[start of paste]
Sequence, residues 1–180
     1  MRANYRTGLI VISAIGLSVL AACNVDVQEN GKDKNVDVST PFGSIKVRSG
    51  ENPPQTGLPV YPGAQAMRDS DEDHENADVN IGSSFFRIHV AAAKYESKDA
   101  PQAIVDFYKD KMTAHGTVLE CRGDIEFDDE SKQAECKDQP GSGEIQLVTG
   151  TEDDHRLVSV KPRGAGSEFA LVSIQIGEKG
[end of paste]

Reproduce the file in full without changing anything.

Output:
Sequence, residues 1–180
     1  MRANYRTGLI VISAIGLSVL AACNVDVQEN GKDKNVDVST PFGSIKVRSG
    51  ENPPQTGLPV YPGAQAMRDS DEDHENADVN IGSSFFRIHV AAAKYESKDA
   101  PQAIVDFYKD KMTAHGTVLE CRGDIEFDDE SKQAECKDQP GSGEIQLVTG
   151  TEDDHRLVSV KPRGAGSEFA LVSIQIGEKG